The Desert Chase in 'Raiders of the Lost Ark' is Action at its Finest

Truck Chase

This video essay breaks down one of Steven Spielberg’s most iconic action sequences shot-by-shot.

Steven Spielberg makes movies with an almost inexplicable proficiency that I’ve admittedly never thought too much into. Overall, Spielberg has an ability to make films that elicit heightened emotional responses from audiences while demonstrating technical prowess without being ostentatious about it. Maybe it’s just me, but I find it easy to get lost in the worlds Spielberg builds in his movies. So, that makes video essays like one by Antonios Papantoniou extremely helpful in dissecting the nitty gritty of Spielberg’s films.

Papantoniou’s latest Spielberg essay unpacks a sequence in Raiders of the Lost Ark — specifically, the iconic desert chase scene — and is separated into sections detailing each aspect of the sequence, including types of shots, camera angles and camera movements. Papantoniou conscientiously breaks down the chase cut by cut (counting a total of 224 by the end of it). Different technical methods were used by Spielberg, composer John Williams, and editor Michael Kahn in order to generate both tension and excitement in the 9-minute action scene.

The desert chase scene is characterized by the fluid, dynamic and constantly present action in every frame that’s enhanced by camera angles and movements that remind the audience of time, place and situation. It’s great to actually see Spielberg’s various directorial choices come to life in separate pieces. What’s fascinating is that movement is always present even before the actual truck chase takes place. The camera captures every perspective necessary to create multiple points-of-view. Extras and unnamed minor characters either dressing in clearly-identifiable clothing or performing specific actions that inform Indy’s decisions as a hero.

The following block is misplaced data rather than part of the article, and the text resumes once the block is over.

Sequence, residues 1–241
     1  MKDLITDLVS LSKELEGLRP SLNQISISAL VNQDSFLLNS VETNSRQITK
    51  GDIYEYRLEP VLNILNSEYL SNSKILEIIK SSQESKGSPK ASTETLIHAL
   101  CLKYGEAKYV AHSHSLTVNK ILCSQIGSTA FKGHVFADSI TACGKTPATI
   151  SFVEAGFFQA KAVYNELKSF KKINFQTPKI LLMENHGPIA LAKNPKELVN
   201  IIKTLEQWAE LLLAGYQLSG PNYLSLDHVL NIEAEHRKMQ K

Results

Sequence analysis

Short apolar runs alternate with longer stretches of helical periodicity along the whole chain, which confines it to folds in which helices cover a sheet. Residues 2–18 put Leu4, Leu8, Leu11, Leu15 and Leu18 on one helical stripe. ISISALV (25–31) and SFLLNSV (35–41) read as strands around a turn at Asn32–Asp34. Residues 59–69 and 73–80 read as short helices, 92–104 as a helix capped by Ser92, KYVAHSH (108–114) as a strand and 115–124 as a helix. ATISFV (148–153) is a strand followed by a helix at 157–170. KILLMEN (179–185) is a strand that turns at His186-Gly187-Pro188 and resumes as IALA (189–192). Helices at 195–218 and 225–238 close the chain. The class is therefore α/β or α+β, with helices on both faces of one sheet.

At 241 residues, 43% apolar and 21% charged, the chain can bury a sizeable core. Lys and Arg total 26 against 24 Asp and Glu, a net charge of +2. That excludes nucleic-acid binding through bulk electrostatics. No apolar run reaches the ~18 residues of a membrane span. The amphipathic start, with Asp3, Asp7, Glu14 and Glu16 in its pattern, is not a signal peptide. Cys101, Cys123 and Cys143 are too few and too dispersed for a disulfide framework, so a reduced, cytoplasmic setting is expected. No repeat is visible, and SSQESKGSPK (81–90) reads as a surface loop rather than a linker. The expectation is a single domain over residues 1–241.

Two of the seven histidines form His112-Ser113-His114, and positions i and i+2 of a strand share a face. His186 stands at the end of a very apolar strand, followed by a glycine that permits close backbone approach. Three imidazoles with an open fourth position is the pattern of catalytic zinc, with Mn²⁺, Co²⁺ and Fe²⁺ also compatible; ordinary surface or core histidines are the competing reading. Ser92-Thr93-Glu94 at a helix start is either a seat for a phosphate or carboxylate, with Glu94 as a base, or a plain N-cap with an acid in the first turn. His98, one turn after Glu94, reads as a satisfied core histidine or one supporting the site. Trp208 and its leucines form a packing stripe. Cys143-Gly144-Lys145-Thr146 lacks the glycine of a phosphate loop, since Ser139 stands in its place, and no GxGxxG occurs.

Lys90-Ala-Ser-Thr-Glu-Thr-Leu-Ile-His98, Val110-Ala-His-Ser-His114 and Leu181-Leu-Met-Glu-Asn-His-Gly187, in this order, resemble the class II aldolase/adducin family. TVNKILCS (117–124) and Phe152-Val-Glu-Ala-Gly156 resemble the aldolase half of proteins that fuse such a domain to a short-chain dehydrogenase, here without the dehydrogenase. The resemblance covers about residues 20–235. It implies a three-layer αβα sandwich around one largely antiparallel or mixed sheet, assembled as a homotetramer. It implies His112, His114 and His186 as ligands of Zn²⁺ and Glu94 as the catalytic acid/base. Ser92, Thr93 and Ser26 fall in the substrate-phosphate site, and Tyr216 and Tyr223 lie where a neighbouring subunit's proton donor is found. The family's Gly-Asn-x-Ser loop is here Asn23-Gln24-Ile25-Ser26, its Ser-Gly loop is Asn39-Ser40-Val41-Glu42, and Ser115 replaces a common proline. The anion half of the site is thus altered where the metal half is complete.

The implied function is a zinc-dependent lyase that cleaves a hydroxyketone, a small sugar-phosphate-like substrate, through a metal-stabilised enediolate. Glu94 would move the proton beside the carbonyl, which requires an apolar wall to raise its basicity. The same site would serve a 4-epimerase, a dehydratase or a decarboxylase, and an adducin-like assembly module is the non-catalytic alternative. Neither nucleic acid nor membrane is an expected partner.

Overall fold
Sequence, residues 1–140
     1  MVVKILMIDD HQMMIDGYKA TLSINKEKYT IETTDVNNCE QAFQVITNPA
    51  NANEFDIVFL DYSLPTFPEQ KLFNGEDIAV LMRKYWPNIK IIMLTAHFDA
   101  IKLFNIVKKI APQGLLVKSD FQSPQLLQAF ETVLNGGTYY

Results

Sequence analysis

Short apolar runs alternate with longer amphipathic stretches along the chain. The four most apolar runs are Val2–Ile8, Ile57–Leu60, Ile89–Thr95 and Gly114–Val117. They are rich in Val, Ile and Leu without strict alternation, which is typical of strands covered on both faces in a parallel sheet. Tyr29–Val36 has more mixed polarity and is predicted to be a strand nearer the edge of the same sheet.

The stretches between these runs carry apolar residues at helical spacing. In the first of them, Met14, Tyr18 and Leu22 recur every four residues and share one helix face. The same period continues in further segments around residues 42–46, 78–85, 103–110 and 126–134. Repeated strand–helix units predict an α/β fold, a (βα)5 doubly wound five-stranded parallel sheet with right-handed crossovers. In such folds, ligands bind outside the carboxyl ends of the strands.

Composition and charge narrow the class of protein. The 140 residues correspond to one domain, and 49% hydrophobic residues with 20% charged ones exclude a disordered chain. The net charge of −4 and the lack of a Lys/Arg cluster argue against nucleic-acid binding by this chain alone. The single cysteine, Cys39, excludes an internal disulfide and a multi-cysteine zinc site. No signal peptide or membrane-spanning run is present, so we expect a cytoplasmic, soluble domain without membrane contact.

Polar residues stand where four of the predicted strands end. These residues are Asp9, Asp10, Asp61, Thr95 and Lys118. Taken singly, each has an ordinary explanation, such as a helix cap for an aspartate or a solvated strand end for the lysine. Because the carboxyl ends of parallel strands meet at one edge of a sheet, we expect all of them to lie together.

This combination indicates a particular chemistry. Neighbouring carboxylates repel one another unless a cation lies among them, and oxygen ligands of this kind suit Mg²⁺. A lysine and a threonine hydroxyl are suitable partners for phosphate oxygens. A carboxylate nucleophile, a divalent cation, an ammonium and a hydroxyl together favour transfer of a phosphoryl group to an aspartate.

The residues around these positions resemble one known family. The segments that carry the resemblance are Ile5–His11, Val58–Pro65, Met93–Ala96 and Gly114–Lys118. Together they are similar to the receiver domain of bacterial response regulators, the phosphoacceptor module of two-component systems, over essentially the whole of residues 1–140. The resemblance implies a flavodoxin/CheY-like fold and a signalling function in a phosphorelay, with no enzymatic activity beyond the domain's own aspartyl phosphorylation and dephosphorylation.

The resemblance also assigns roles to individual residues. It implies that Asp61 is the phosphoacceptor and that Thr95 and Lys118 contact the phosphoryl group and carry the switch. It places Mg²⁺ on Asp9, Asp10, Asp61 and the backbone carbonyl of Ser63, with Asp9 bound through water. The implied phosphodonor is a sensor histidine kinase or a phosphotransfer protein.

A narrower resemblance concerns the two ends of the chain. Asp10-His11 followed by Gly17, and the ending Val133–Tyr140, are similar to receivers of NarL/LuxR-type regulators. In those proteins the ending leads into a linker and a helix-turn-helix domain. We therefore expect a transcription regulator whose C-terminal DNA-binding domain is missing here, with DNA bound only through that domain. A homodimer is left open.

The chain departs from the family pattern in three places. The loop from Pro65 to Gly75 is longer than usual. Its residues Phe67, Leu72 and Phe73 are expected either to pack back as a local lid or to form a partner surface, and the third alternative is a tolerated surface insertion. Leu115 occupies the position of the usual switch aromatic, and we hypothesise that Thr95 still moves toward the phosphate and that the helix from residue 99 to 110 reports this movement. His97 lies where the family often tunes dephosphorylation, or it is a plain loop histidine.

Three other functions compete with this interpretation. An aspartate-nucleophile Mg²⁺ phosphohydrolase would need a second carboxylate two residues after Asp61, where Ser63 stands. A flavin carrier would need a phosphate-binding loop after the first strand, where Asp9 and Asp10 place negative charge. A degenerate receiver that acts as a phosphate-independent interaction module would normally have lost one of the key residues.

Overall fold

Lengthy fight scenes or chase scenes could run the risk of feeling bogged down and boring too, but Spielberg managed to counteract potential boredom in Raiders of the Lost Ark. As Papantoniou points out, Williams’ musical cues heighten and sustain suspense, and subtly indicate shifts in the narrative beats of the sequence as a whole. As Indy declares at the start of the scene, he’s making it up as he goes along, and the way the music evolves to indicate change is implicit but effective. Kahn’s choices as an editor add to this, alternating between POVs to create a holistic view of the entire chase scene.

Ultimately, the many techniques utilized in the desert chase scene in Raiders of the Lost Ark creates the impression of active audience participation in the decision-making in the sequence. I couldn’t tell you how many times in recent years I’d seen action scenes that just got increasingly dull as they went on because they had little to no narrative impact. But Spielberg lets the story of Raiders of the Lost Ark unfold alongside the high-impact stunt work and tense action, rather than let one take precedence over another. Watch precisely how it’s done in Papantoniou’s essay below.

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